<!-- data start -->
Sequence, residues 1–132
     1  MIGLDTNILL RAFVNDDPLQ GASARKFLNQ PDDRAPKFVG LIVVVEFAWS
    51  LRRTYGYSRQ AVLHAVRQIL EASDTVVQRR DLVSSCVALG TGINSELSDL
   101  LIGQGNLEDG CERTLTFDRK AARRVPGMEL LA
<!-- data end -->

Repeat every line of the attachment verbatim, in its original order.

Sequence, residues 1–132
     1  MIGLDTNILL RAFVNDDPLQ GASARKFLNQ PDDRAPKFVG LIVVVEFAWS
    51  LRRTYGYSRQ AVLHAVRQIL EASDTVVQRR DLVSSCVALG TGINSELSDL
   101  LIGQGNLEDG CERTLTFDRK AARRVPGMEL LA